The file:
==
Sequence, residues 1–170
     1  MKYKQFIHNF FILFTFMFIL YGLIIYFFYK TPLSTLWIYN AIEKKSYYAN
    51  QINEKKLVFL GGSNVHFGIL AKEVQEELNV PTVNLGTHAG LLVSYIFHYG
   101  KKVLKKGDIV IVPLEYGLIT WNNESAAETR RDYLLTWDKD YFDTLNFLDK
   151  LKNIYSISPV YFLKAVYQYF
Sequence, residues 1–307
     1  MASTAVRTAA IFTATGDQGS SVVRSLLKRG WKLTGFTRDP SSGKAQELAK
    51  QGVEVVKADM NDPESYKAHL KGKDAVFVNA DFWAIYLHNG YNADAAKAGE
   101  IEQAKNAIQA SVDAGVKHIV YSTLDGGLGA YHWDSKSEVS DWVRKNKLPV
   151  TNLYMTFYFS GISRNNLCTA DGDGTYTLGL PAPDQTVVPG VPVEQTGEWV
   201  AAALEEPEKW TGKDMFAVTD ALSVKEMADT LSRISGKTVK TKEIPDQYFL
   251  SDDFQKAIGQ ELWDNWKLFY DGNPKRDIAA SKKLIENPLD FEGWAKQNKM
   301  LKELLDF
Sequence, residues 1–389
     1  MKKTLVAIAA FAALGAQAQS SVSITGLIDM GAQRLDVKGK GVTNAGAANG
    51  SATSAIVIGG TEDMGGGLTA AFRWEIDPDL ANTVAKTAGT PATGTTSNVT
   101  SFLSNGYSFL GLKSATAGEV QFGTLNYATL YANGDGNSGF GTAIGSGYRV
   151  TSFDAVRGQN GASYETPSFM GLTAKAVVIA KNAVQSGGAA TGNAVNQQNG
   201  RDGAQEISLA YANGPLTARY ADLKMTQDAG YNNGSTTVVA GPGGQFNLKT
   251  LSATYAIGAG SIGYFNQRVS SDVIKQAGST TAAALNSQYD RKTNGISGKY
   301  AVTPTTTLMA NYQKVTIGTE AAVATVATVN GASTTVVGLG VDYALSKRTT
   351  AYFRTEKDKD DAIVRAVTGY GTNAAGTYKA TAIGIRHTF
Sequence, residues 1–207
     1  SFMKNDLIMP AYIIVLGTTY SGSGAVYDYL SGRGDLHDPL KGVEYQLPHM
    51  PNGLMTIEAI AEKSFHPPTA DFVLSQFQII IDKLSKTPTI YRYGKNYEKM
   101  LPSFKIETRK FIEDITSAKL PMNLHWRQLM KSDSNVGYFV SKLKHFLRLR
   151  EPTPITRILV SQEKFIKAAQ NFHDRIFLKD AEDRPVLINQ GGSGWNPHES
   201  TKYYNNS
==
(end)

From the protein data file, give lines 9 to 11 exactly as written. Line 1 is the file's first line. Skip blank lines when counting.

   101  IEQAKNAIQA SVDAGVKHIV YSTLDGGLGA YHWDSKSEVS DWVRKNKLPV
   151  TNLYMTFYFS GISRNNLCTA DGDGTYTLGL PAPDQTVVPG VPVEQTGEWV
   201  AAALEEPEKW TGKDMFAVTD ALSVKEMADT LSRISGKTVK TKEIPDQYFL